Because of the work we do, we have a direct relationship with CFOs. They are the ones who create awareness of the objective of finance in an organisation. CFOs have a deep understanding of industry and surveys conducted among them show that they have intimate knowledge of the issues affecting their organisations.

CFOs are catalysts for change and as right-hand executives to CEOs, they are one of the most important people when compared to other functions or positions in the C-suite. As a consulting firm, we speak the same language as them and therefore participating as partners to CFO East Africa will enable us to continue relevant conversations around such topics as financial reporting, technology and government policy and indeed current topical issues such as AI and sustainability.

How does EY support CFOs in achieving the objectives set for their roles?
We support CFOs in different ways including enrolling them into our platform for thought leadership on emerging issues. We host events that provide key information on various changes including updates on International Financial Reporting Standards and Basel 3, which is scheduled for adoption in the financial services sector. We periodically host breakfast sessions and one-on-one interactions through which we offer advice on implementation of regulatory changes, among other industry issues.

What is your leadership style?
I try to empower my staff by delegating as much as possible. That said, I am also firm. My leadership style has evolved over the years; when I started off, I was very hands on and a bit authoritative. As a result, I got my fingers burnt as some staff reported me to the then managing partner who advised me to tone it down. I have since learnt to manage my emotions and take a step back to let others get things done with my support.

Is there a particular event that has changed your perspective in life?
There was a time we lost a staff member and the response of staff members was amazing. It was overpowering to see our people pull together support in a show of absolute love that went far beyond our basic obligations, as an employer and fellow employee, during bereavement. They rallied together to pool funds to support the education of the children right up to university. We took cognisance of this effort as a firm, noting that the workman’s compensation scheme was not sufficient for bereaved families. Since then, we have set up a voluntary structure where the firm will match contributions made by any staff towards a private life policy.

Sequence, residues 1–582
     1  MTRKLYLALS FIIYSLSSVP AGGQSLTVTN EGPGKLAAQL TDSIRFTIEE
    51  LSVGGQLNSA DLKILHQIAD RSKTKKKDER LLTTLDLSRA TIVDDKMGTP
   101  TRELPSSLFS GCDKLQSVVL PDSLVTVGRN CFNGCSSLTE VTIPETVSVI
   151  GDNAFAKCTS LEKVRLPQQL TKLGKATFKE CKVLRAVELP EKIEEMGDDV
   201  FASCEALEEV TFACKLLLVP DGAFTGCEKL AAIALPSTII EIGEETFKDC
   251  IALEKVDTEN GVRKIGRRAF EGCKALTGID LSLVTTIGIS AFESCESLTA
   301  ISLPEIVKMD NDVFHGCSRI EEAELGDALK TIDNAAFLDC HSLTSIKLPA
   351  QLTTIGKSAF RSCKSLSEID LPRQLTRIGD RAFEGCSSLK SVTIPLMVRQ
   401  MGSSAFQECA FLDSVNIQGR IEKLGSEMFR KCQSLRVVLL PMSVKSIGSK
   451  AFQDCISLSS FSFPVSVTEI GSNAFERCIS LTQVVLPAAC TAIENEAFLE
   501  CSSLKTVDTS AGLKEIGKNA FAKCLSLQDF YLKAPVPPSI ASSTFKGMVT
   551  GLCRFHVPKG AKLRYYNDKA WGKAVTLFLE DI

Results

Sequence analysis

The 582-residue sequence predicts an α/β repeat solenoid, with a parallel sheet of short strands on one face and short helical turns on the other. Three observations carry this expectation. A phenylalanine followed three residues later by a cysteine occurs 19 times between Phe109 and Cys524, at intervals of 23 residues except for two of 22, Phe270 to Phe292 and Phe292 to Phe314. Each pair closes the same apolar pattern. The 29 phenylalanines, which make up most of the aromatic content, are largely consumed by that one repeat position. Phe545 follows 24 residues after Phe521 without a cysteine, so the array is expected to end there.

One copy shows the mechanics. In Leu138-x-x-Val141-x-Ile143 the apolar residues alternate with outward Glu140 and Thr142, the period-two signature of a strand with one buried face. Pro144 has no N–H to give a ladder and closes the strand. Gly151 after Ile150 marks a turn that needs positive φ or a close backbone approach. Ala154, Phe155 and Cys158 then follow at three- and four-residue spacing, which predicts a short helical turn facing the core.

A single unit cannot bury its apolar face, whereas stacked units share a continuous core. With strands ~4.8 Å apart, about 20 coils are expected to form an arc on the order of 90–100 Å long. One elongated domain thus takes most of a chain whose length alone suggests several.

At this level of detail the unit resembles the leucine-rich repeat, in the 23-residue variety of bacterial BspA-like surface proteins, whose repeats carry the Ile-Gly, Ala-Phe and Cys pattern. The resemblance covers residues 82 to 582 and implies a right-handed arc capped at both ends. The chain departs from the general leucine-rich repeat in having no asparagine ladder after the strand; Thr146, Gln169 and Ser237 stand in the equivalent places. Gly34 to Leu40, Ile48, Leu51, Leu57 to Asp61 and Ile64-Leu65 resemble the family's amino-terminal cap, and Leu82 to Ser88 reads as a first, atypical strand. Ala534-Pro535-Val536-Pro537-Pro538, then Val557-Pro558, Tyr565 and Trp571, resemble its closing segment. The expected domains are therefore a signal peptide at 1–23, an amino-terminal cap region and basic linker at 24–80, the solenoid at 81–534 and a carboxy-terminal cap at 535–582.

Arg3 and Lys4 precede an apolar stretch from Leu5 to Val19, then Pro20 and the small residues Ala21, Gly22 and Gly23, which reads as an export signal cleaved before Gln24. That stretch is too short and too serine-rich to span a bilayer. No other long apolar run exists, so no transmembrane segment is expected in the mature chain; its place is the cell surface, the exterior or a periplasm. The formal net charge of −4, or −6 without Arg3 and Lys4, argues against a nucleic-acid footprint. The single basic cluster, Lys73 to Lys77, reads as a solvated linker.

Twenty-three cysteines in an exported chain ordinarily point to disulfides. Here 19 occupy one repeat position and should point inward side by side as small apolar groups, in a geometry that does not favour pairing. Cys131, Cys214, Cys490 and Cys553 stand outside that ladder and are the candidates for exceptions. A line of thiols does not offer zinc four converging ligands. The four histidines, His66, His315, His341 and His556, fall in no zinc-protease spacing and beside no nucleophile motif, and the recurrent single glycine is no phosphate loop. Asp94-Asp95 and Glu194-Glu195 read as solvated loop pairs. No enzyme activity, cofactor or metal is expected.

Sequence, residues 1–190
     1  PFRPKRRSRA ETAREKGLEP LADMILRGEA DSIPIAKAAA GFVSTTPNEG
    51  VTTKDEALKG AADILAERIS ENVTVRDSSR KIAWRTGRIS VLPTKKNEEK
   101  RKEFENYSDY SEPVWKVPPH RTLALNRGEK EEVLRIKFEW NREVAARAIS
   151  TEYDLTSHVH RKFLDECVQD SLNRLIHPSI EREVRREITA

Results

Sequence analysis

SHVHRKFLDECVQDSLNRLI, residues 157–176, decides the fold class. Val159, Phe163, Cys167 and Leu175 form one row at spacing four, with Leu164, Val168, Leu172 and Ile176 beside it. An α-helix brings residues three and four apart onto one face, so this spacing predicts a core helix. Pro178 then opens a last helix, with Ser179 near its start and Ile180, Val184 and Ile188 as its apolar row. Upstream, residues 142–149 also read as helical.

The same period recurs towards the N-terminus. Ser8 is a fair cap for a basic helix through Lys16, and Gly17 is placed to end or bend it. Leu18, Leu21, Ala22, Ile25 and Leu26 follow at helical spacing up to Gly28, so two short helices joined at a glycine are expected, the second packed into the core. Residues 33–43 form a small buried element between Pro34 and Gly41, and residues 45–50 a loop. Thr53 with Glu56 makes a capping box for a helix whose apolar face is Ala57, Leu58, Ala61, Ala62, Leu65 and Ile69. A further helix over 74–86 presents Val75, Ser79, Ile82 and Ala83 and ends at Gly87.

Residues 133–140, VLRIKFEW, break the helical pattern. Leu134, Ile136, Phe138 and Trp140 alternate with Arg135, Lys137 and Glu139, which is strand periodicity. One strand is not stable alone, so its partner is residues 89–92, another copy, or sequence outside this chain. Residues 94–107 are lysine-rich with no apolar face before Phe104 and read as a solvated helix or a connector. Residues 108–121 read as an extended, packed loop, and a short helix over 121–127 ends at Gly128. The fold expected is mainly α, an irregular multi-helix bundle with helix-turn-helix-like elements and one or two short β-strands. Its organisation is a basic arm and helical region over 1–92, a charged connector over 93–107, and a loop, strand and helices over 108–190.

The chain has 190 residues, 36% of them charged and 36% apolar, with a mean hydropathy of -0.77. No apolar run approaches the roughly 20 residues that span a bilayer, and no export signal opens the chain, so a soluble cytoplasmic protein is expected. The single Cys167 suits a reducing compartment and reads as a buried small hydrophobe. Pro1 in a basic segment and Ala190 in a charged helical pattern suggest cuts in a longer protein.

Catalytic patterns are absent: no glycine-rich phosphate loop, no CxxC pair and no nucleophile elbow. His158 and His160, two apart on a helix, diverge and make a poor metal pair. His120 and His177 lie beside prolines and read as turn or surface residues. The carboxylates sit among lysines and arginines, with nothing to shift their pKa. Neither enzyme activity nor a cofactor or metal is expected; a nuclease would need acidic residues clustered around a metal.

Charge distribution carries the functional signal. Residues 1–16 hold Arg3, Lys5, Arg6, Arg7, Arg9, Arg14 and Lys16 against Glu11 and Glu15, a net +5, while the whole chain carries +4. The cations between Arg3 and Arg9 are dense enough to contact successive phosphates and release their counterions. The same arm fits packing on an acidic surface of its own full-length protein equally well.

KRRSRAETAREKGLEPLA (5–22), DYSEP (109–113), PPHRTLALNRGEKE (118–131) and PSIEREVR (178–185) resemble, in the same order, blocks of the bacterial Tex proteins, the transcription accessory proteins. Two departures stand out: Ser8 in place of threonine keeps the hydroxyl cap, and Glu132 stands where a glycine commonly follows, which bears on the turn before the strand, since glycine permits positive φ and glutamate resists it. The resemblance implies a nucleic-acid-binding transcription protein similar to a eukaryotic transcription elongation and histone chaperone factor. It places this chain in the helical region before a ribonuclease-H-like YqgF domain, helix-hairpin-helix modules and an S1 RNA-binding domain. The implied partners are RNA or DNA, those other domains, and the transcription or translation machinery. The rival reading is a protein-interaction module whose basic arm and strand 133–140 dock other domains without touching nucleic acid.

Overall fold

What is your view of success and what do you do outside of the office?
I view success from a big picture perspective; as long as the organisation is performing well, our staff and clients are happy, then we can say we are successful. It is definitely something that goes beyond our financial KPIs. We are successful when we are able to support the career ambitions of our people.

Outside of work, I volunteer my time to student organisations at the University of Dar es Salaam where I teach them financial matters. I am also a keen golfer and a father of a 16-year-old daughter, Alexandra, who needs my support as she prepares for her IGCSE examinations.

Finally, what advice do you have for younger finance professionals?
I believe leaders are made, not born. To aspire to leadership, you need to observe the fundamentals, which includes taking the time to learn. Seek inspiration from various sources including reading material. Young finance professionals and CFOs alike should invest in their soft skills because it is very easy to get into the trap of relying on your technical expertise to get ahead while forgetting that it is your ability to lead people that will make or break you as the leader of a finance team.

Finally, we are living in the technological age and therefore you cannot thrive as a professional if you are not open to understanding and using technology.